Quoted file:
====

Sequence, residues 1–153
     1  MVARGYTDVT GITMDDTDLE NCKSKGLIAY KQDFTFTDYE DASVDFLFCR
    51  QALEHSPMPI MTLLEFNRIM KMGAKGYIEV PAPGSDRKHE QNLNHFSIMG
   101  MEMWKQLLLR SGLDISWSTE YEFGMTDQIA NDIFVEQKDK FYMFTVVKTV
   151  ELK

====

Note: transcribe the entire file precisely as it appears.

Sequence, residues 1–153
     1  MVARGYTDVT GITMDDTDLE NCKSKGLIAY KQDFTFTDYE DASVDFLFCR
    51  QALEHSPMPI MTLLEFNRIM KMGAKGYIEV PAPGSDRKHE QNLNHFSIMG
   101  MEMWKQLLLR SGLDISWSTE YEFGMTDQIA NDIFVEQKDK FYMFTVVKTV
   151  ELK